A week is a time unit equal to seven days. It is the standard time period used for cycles of work days and rest days in most parts of the world.
Read more about Week.
Some articles on week:
... The Pawukon is a 210-day calendar consisting of 10 different concurrent weeks of 1, 2, 3, 4, 5, 6, 7, 8, 9, and 10 days. ...
... The Chiefs took a week off, using the time to help Trent Green recover from his injury and developing Damon Huard and Brodie Croyle familiarity with their ...
... Holy Week (Latin Hebdomas Sancta or Hebdomas Maior, "Greater Week" Greek Ἁγία καὶ Μεγάλη Ἑβδομάς, Hagia kai Megale Hebdomas) in ... In Eastern Orthodox tradition, Holy Week starts on Lazarus Saturday, the day before Palm Sunday ... there being fifty days from Easter Sunday through Pentecost Sunday.) It is followed by Easter Week ...
... Tony Romo replaced Bledsoe at half-time of their week 6 matchup with the N.Y ... Romo became the starter in week 7 due to Bledsoe's rough starts with frequent sacks and interceptions ... a playoff berth for the first time since 2003, but did not win the division when in the final week they were defeated by the then 2–13 Lions, and ...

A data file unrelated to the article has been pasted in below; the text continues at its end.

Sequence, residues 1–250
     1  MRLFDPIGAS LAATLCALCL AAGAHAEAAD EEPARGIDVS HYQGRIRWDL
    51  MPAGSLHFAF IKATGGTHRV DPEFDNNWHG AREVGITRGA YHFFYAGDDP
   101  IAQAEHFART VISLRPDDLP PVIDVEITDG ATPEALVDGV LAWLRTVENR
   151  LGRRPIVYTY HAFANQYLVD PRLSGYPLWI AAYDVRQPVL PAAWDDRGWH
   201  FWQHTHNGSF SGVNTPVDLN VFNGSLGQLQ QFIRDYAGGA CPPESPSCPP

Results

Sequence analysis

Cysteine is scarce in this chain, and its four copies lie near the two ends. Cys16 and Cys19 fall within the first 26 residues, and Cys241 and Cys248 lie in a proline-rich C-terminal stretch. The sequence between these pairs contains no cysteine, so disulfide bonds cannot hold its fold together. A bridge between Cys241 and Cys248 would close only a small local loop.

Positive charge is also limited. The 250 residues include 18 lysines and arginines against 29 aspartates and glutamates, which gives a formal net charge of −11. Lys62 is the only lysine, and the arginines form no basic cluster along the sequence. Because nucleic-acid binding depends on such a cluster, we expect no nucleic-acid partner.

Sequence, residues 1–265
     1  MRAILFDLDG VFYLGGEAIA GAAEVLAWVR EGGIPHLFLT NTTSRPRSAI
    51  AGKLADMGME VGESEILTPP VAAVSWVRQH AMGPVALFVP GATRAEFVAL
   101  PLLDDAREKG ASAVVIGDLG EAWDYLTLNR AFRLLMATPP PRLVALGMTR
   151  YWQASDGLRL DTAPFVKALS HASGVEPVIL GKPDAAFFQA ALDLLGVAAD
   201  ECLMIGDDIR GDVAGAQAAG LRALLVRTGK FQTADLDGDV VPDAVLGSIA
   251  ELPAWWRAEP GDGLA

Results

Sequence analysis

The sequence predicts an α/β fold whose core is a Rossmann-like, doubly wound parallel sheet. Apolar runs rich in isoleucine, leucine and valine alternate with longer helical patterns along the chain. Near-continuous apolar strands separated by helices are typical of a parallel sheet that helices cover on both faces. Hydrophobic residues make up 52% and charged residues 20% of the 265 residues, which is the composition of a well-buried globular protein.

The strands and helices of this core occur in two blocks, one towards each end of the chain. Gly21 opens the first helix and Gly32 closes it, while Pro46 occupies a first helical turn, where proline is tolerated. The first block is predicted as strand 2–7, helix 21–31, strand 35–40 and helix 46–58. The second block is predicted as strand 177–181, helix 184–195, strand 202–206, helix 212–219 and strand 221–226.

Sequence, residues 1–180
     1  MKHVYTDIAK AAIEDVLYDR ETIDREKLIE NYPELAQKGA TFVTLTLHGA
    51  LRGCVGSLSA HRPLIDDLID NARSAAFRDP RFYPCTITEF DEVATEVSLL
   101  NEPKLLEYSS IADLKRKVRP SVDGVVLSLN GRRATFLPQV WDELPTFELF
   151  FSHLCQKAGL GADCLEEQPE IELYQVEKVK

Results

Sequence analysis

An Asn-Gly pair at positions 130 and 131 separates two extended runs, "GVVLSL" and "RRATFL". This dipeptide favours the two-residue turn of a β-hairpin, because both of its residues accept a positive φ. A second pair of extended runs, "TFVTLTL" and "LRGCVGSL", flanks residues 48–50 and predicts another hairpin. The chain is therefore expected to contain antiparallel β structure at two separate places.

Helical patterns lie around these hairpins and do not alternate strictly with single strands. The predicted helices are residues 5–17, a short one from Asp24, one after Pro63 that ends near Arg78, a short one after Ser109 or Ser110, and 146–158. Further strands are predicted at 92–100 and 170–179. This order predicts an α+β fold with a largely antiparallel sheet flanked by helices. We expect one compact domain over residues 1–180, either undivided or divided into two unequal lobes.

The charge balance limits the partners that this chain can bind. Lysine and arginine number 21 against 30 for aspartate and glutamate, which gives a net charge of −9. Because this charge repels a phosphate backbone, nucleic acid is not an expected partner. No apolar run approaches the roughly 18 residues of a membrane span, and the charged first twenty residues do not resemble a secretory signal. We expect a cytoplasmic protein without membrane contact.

... in the 2006 regular season Recipient Award(s) Tom Brady Week 8 FedEx Express NFL Player of the Week Jarvis Green 2006 New England Patriots Ron Burton Community Service Week 4 NFL Defensive Player of the Week ...
More definitions of "week":
- (noun): A period of seven consecutive days starting on Sunday.
Synonyms: calendar week
- (noun): Hours or days of work in a calendar week.
Example: "They worked a 40-hour week"
Famous quotes containing the word week:
“A baby nurse is one that changes diapers and loves em dearly. Get up at all hours of the night to give em the bottle and change their pants. If the baby coughs or cries, you have to find out the need. I had my own room usually, but I slept in the same room with the baby. I would take full charge. It was twenty-four hours. I used to have one day a week off and Id go home and see my own two little ones.”
—Ruth Lindstrom (c. 1892?)
“A woman would be wise to think it well
If once a week you only rang the bell.”
—Gwendolyn Brooks (b. 1917)